Factory Theatre, March 8
In the 10 years since they pressed pause on their propulsive, perky French alt-pop, Stereolab’s reputation and influence have grown beyond the limited success achieved during their two-decade recording career. Now they’re back and touring, their faltering performance on this night makes it look like their reputation not only precedes but exceeds them.
You have to feel some sympathy for their band members, who have the air of modest muso nerds with no hunger for the limelight.
Stereolab are back on stage and playing festivals afer a decade on the sidelines.
There are no theatrics, no glitter, just some blokes in business shirts, a lead guitarist whose stage presence is more nervous tic than pop-star posturing and, in Lætitia Sadier, a lead singer earnestly reaching for the soothing French lilt that set them apart from their contemporaries.
With that modesty, however, comes a certain distance and a failure to connect.
Show opener Anamorphose makes their intentions clear – a metronomic and unassuming number that relentlessly moves forward like so much of this performance. Sadier’s vocals on this and the first few songs lacks the clarity of which she is capable but she soon finds her form as French Disko breathes life into the proceedings.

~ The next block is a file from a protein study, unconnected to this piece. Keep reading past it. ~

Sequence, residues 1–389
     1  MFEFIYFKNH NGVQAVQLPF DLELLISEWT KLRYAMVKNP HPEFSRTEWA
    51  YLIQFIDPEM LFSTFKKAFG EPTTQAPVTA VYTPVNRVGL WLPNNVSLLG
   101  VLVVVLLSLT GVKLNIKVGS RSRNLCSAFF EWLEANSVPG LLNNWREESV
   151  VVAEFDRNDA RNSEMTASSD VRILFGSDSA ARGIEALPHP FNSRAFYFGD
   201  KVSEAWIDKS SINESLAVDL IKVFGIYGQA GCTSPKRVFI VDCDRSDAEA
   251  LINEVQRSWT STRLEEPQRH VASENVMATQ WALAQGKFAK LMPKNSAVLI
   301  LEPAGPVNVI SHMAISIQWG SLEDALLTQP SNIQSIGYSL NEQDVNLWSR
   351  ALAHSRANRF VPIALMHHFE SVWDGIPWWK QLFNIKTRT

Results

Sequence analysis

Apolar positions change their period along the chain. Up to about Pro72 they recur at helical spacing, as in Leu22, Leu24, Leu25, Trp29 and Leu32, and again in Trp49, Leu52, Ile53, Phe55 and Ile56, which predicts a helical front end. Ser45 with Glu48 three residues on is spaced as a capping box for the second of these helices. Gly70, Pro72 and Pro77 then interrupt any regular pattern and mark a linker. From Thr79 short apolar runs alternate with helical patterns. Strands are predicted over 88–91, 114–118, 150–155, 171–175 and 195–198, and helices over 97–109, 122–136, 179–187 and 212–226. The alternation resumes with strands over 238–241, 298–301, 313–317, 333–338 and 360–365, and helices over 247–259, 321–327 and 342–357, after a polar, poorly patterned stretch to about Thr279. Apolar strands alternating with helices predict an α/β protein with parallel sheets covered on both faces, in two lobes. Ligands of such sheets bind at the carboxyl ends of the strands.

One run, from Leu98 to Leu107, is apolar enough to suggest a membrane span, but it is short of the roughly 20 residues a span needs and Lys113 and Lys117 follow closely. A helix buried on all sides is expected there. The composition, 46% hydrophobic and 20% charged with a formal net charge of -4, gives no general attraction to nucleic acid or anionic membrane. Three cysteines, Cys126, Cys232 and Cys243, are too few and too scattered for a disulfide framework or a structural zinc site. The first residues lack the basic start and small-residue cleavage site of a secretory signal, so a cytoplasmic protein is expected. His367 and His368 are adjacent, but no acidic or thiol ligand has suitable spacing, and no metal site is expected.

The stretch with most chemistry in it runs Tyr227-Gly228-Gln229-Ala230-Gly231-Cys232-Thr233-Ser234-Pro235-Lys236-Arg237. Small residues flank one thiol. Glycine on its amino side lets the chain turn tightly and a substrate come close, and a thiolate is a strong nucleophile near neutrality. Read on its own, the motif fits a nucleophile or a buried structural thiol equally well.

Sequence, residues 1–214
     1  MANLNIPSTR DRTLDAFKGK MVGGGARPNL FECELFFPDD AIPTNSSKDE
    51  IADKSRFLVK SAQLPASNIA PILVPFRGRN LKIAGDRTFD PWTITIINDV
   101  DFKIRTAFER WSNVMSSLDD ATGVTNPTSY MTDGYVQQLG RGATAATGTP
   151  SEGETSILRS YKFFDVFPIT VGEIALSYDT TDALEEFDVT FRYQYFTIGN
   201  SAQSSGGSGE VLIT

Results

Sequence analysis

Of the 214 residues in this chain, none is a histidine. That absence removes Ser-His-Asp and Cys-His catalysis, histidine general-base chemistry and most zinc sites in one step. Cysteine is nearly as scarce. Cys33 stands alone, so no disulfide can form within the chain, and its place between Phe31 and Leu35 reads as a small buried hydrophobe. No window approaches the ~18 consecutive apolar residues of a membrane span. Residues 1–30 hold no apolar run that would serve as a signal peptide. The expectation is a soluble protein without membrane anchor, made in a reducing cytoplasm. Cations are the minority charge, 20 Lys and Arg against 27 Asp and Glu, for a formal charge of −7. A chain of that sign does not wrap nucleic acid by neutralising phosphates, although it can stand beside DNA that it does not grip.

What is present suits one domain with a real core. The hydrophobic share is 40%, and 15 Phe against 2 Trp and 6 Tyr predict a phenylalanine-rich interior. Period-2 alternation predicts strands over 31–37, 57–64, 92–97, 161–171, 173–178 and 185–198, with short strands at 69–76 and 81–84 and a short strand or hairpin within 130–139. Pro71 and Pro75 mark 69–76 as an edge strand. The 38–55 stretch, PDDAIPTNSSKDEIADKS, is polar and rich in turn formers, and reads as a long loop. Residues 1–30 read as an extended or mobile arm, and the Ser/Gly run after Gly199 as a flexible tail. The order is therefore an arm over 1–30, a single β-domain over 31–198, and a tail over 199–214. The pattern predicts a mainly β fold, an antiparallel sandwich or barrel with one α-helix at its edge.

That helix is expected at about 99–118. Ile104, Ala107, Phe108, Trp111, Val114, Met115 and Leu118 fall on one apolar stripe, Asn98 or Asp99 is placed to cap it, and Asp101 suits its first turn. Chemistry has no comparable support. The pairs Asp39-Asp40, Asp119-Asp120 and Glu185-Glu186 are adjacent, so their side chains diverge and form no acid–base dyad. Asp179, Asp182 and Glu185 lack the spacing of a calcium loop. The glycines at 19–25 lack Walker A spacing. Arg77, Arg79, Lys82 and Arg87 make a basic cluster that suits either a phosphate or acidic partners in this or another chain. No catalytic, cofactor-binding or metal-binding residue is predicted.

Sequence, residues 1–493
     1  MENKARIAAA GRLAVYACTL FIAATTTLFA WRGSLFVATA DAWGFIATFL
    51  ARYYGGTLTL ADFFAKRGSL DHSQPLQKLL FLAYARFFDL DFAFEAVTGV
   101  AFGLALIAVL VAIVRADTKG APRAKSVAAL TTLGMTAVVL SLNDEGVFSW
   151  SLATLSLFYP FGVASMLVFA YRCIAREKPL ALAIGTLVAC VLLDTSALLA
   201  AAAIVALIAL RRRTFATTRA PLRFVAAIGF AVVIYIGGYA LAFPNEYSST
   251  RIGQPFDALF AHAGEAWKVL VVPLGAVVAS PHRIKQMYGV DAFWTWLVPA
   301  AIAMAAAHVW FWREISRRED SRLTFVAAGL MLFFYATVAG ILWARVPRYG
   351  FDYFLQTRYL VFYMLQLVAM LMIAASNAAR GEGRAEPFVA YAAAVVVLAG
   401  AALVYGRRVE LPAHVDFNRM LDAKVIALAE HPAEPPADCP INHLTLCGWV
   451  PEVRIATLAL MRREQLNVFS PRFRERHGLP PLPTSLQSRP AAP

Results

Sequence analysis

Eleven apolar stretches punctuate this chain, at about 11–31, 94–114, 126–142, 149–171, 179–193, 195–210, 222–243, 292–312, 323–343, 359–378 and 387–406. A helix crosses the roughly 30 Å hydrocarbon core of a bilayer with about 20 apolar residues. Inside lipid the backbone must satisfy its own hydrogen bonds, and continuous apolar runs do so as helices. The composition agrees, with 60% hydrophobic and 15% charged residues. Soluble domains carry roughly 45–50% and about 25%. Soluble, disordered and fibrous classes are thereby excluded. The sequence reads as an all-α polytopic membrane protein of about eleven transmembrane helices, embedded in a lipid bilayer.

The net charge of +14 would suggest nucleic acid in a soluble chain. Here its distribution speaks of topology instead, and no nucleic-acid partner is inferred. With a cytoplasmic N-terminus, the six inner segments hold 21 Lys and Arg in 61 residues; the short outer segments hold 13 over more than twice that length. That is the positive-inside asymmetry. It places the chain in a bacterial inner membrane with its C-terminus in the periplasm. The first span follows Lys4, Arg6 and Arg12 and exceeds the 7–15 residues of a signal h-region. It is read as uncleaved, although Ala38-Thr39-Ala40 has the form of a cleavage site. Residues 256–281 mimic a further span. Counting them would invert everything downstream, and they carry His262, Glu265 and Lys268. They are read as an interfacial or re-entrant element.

Alas, Stereolab do not sustain the momentum. When a band has 10 albums of great music and is playing a set a little longer than an hour, there shouldn't be a moment’s downtime – and yet for every catchy and clever Lo Boob Oscillator there’s a Need to Be that barely makes a mark.
The loyal audience willed them on and there were moments of genuine revelry in seeing a band written off return to life, if not quite to their finest form.
It may be unfair to load Stereolab with their weighty reputation: they give the impression that they just want to play clever little pop pieces for their own entertainment and invite us to observe.
That much they deliver, but they also leave the tantalising feeling that they are capable of so much more.
Source: Read Full Article